These sugar substitutes are zero- or low- calorie alternatives to the sugar options mentioned above. Because of this, companies market their products as “sugar-free”, “diet” or “no calories”. They are found in many diabetic products because they have little or no effect on blood sugar levels. Some can be made from natural leaf extracts, and some are manufactured. Most artificial sweeteners are also remarkably sweeter when compared to table sugar, meaning smaller amounts can be used to create the same sweetness level.
Considerations with artificial sweeteners
a. conflicting evidence
According to the most recent meta-analysis, artificial sweeteners have not been linked to health outcomes such as diabetes, kidney disease, high blood pressure, certain cancers or dental health. However, according to other analyses, they have been associated with increased BMI and other complications. In short, there are biases and limitations to the studies conducted so far and more research is needed.
b. compensating for other sugary foods
In our experience, when people consciously know they are having artificial sweeteners with no calories, they mentally feel they can compensate with something that does have sugar later on. This is similar to exercising and then treating yourself with an indulgent food as a result.
c. potential GI intolerances
Some artificial sweeteners include sugar alcohols, which if consumed in large amounts (say, in a beverage) can have a laxative effect.
d. can it really trick the brain?
Consuming artificial sweeteners lights up similar regions of the brain in terms of satisfaction as with all other types of sugar. Therefore, artificial sweeteners may not actually help curb sugar cravings from the root because we still tend to crave something sweet. In fact, one study suggests that we use sweet taste to predict the calories in a particular food. And when our bodies receive these non caloric sweeteners instead, it realizes the discrepancy and continues to crave, and can potentially eat even more.
Bottom line: we recommend whole food sources above processed foods including added sugars or artificial sweeteners. There is not enough conclusive evidence to lean one way or the other in terms of long term health effects. Therefore, if you enjoy the flavour and find you do not compensate for sugar elsewhere in your diet, including artificial sweeteners is likely safe include in small amounts.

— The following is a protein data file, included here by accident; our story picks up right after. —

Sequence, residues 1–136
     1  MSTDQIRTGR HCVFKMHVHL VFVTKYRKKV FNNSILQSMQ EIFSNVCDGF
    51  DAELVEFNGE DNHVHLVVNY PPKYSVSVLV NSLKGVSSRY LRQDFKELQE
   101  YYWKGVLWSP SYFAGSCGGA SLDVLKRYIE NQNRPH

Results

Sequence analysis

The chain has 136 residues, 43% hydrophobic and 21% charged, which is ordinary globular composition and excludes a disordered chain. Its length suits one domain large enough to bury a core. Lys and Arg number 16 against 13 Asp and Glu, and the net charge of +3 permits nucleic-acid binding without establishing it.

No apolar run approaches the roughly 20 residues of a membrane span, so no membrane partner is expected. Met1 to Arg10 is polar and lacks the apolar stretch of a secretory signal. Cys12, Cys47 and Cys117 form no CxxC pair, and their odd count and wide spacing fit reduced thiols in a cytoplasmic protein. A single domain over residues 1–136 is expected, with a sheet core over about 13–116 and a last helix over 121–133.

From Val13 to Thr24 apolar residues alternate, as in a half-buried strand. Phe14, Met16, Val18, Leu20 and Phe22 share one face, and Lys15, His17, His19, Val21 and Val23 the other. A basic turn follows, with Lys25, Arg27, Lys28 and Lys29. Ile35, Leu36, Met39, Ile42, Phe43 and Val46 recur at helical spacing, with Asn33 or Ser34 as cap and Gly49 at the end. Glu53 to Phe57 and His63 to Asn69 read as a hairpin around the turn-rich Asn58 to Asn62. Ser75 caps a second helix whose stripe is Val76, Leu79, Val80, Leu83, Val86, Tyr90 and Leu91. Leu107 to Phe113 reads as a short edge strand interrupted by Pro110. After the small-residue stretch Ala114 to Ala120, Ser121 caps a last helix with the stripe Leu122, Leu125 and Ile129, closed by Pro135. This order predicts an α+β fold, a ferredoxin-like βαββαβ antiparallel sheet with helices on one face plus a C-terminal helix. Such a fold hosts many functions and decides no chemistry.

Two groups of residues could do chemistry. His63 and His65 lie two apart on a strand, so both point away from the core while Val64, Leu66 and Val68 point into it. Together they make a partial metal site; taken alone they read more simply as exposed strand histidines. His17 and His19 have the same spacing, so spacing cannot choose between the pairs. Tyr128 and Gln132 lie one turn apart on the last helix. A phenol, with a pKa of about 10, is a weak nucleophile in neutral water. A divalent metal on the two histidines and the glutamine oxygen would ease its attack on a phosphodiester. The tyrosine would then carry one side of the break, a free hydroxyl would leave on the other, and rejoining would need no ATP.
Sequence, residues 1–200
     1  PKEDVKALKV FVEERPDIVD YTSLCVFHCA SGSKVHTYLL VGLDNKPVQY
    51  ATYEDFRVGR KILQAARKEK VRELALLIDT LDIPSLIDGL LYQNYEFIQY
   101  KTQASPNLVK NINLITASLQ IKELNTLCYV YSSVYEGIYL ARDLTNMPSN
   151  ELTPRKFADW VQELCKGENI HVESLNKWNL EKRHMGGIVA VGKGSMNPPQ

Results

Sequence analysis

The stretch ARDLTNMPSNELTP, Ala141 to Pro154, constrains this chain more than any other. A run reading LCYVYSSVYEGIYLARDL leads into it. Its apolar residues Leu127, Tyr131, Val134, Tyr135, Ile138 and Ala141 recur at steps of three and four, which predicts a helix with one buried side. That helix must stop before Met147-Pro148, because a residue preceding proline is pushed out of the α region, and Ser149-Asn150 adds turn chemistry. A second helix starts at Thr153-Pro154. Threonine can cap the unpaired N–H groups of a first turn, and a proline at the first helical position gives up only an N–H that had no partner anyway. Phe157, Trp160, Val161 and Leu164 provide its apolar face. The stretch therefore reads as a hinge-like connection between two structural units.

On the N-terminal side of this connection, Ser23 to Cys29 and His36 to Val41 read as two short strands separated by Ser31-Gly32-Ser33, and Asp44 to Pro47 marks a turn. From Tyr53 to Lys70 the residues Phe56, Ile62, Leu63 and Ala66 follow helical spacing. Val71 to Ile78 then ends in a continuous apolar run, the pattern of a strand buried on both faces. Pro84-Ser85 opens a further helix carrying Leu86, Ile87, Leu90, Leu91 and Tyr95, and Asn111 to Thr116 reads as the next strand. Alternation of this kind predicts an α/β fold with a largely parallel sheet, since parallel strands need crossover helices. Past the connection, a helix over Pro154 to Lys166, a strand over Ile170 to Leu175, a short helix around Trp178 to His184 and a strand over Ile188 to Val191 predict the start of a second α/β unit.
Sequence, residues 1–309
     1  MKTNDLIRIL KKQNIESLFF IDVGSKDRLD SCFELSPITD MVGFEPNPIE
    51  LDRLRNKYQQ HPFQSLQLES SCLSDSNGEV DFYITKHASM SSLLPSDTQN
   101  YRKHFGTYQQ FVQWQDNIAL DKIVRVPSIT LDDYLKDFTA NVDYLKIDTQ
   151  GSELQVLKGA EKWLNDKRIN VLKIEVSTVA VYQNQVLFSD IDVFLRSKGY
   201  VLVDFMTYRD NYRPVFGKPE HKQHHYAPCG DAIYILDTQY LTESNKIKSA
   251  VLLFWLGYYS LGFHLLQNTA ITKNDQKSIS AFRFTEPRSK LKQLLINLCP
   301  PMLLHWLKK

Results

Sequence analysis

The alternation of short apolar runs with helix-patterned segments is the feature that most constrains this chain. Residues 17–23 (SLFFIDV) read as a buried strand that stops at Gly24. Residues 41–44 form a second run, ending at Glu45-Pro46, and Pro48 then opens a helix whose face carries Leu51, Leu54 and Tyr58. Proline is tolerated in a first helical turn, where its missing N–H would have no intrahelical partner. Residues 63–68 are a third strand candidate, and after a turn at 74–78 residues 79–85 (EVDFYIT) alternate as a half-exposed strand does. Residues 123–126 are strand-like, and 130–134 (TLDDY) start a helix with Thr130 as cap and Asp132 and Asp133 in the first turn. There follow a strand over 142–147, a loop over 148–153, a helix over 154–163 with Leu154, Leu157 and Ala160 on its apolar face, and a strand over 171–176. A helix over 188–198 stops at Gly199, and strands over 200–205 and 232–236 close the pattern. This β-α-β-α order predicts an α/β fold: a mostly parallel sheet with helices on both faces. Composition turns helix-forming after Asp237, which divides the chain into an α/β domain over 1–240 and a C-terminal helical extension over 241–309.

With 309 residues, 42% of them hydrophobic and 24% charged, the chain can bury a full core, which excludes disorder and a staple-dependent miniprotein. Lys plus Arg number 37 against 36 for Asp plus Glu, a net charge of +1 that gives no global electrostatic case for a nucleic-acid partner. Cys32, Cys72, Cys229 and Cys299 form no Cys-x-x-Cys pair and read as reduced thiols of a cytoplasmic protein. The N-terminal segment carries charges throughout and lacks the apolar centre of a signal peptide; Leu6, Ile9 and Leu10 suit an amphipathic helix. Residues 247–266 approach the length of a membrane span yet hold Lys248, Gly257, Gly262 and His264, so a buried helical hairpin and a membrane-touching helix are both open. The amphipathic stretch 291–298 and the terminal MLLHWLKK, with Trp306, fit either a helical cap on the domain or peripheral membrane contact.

Spotting Hidden Sugars in the Ingredient List
When it comes to the ingredient list of foods, only added sugars are listed. Granulated sugar is easy to spot in the ingredient list. But, food manufacturers can still add sugar in many other sneaky ways. Here are some more common types of sugar that can be added:
Evaporated cane juice
Dextrose or dextrin
Liquid Sweeteners (mentioned above)
Hint: any ingredient that ends in ‘ose’ or has ‘syrup’ in the title is likely a source of added sugar
Disclaimer : I don’t own any of this content. It was copied from Bake With Shivesh. I have been following him since a few months now and really love his content. This was one I felt like sharing with y’all.
WHAT ARE OVERNIGHT OATS?
There are two basic ways of preparing oats. One way involves cooking them with milk on the stovetop right before you want to eat them. Another way of preparing oats is a no cooking method where you soak oats in milk and let the oats absorb the milk. This gives a porridge-like consistency and there is no need to cook oats made in such a way.
Usually, it only takes about 2 hours of time for the oats to absorb the milk. However, for the best flavor and texture, it is advised to leave your oats soaked in milk overnight.
INGREDIENTS FOR THESE RECIPES
As I’ve mentioned above, the recipe for these overnight oats is very easy and requires the most commonly available ingredients. You will first need to make the basic recipe to which we will add the toppings of different flavors later.
For the basic recipe, all you need is milk, oats, and honey. The milk and oats ratio that I use is 2:1 i.e., two parts milk and one part oats. The 2:1 ratio gives me the perfect consistency of oats the next day. I add a little bit of honey for some sweetness but if you’re someone who is not a big fan of sweet oats, then you can leave out the honey.
For this recipe, I used rolled oats and not steel cut or instant oats. The main difference between rolled oats and steel cut oats is with regard to the way they absorb liquid. Rolled oats absorb liquid faster than steel cut oats and eventually get soft and slightly mushy. Steel cut oats on the other hand, absorb lesser liquid. This enables the steel cut oats to maintain their shape. Less absorption of liquid also leads to more of a nutty flavor in steel cut oats.